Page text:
For the Love of Land Rover
Content and photography by Emily Stephenson
Friday the 18th of November; Ben Fogle paid a flying visit to Buxton to spend a few hours in the Pavilion Arts Centre as part of the Buxton Festivals Literary series. The reason for his visit? His new book ‘Land Rover’. The evening was by no means a presentation of the Land Rover but an insight into the personal journey of a man whose life has been peppered with the influence of this legendary vehicle, arguably the world’s favourite car.
The Land Rover, born in 1948 (and I use the word born as each Land Rover is part of the family) has indisputably become one of the stalwarts of great British engineering, an icon of the British automotive industry and receives recognition as a national symbol worldwide. In its various and at times wondrous incarnations the Land Rover has been transformed into military vehicles, ‘Rail’ rovers rebuilt to pull trains, ice cream vans, mobile cinema’s and even an experimental prototype ‘Hover’ Land Rover. However, it is its reputation as a utility and agricultural vehicle that has afforded it the reputation of indestructible cart horse that will run with the help of bailing twine, electrical tape and the odd weld until the end of time.
Since its inception with the very first model, Land Rover 80″, going on to be known as the series 1, the versatility and creativity by which the Land Rover has been used has known no bounds. It is this symbolism, versatility and reliability that inspired Ben to write the book, about which he came to speak. Not just for his love of his own vehicles, but for what it represents; durability, endurance and all that it is to be quintessentially British. Ben was quick to explain that he is by no means a petrol head and his love of the Land Rover is not born of a love of cars in general, it is this particular vehicle that holds something special that captures the imagination.
The evening was spent in two halves, the first an extended interview, the second half a final catch up between interviewer and interviewee before a Q&A with the audience. Presenter, Reality Television Alumni and family man, Ben, spoke freely and honestly not just on the book but of himself and his life. Talking of his time spent on Taransay in the Outer Hebrides for BBC 1 social experiment show ‘Cast Away’, the impact this series had on his life and subsequent career in television. Alongside his extensive adventures and travel encounters that he has been fortunate enough to experience such as rowing the Atlantic and seeing the world through his series ‘Lives in the wild’.
It was this personal narrative that gave the evening its fundamental form, the focus on the human impact of this automotive icon on people, not just on Ben, but human beings across the world since its creation. Ben talked enthusiastically of times throughout history where the Land Rover has played a key part in major events such as Che Guvara battling the jungles of South America and its influence in military and humanitarian missions the world over.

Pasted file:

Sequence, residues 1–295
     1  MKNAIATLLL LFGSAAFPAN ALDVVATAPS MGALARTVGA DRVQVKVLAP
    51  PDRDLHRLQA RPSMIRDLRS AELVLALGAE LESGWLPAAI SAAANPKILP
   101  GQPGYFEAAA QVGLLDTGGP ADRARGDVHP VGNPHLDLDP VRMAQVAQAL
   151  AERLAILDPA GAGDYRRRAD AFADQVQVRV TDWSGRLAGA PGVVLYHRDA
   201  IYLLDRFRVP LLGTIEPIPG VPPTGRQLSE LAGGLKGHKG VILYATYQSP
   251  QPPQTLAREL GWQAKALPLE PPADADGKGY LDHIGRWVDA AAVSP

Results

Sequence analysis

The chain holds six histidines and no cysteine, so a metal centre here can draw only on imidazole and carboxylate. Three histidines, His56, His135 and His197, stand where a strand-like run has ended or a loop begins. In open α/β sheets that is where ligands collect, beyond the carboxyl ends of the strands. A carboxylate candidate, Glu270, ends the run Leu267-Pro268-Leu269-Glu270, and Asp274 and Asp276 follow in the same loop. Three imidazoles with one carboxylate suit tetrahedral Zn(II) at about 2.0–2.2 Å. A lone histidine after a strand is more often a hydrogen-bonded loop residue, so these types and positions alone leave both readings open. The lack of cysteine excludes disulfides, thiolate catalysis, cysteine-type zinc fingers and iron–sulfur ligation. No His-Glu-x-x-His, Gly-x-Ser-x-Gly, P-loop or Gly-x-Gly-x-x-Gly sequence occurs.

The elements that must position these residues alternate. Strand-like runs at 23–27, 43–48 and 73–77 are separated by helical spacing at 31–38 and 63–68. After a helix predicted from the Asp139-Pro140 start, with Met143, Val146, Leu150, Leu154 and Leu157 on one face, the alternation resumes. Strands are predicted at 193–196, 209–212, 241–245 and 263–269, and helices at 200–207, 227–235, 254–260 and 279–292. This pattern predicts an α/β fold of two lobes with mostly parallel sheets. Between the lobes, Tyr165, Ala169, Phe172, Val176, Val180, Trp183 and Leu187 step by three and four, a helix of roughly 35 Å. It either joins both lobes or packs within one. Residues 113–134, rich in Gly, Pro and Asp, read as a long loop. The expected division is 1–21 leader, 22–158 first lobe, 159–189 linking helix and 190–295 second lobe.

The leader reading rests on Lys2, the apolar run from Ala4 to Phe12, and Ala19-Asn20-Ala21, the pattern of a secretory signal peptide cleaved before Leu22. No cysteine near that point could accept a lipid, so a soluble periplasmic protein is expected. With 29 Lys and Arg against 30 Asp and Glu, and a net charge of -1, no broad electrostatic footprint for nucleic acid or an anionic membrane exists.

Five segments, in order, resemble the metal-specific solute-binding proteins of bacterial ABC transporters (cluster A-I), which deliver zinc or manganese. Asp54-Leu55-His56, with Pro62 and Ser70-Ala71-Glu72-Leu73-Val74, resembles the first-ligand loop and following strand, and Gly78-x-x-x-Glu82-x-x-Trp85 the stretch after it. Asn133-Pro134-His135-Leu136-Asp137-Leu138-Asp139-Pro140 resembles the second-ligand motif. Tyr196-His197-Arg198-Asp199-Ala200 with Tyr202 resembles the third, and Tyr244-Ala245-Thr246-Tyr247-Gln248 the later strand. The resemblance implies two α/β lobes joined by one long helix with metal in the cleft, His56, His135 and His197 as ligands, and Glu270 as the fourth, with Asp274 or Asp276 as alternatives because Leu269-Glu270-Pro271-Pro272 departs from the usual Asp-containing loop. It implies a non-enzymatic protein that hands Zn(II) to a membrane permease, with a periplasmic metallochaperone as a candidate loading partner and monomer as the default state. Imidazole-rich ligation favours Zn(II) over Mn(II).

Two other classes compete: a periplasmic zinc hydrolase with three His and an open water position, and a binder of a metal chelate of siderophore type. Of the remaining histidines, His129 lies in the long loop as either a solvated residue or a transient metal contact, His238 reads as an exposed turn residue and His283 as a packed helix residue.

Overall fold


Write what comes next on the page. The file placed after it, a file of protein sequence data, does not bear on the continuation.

Towards its close the evening was drawn to the subject of ‘The end’. After 67 years and over 2 million vehicles the Land Rover Defender has ceased production. The question of what has led to the demise of such a stalwart of motoring was a quick topic for many during the interval. Many blamed the move away from the utilitarian all-rounders of the relatively unchanged series and defender models to the top spec Range Rover models that can set you back just shy of £80,000, as well as the boxy, hard wearing designs being out legislated by the wind tunnel, emotions and pedestrian safely regulators. And sadly, the cost of it being one of the few hand made mass produced vehicles has also been a factor.
From the series 1 to the Discovery 3, Landover’s hold a special place in the hearts of many. And I believe it will continue to do so for decades to come; there will always be classic collectors and restorers who will never stop loving the Land Rover, Ben Fogle being one of them. A great evening, spent in great company, he came across as a genuine, humble and captivating man, thanks Pavilion Arts Centre for this talk as part of a fantastic literary series.
There’s a huge range of events all year round at the Pavilion Arts Centre run in conjunction with a packed programme at Buxton Opera House. Opened in 2010, the arts centre has meant that events like the world renowned annual Buxton Festival has been able to expand its offering and now in its second year the Buxton Festival Book Weekend literary series holds many of its talks here in the centre. Buxton Buzz Comedy Club, now a regular monthly event is also held here and features stand-up comedians – some new and not-so-new faces on the comedy club circuit.
To find out more about shows and events at Pavilion Arts Centre and Buxton Opera House go to: www.buxtonoperahouse.org.uk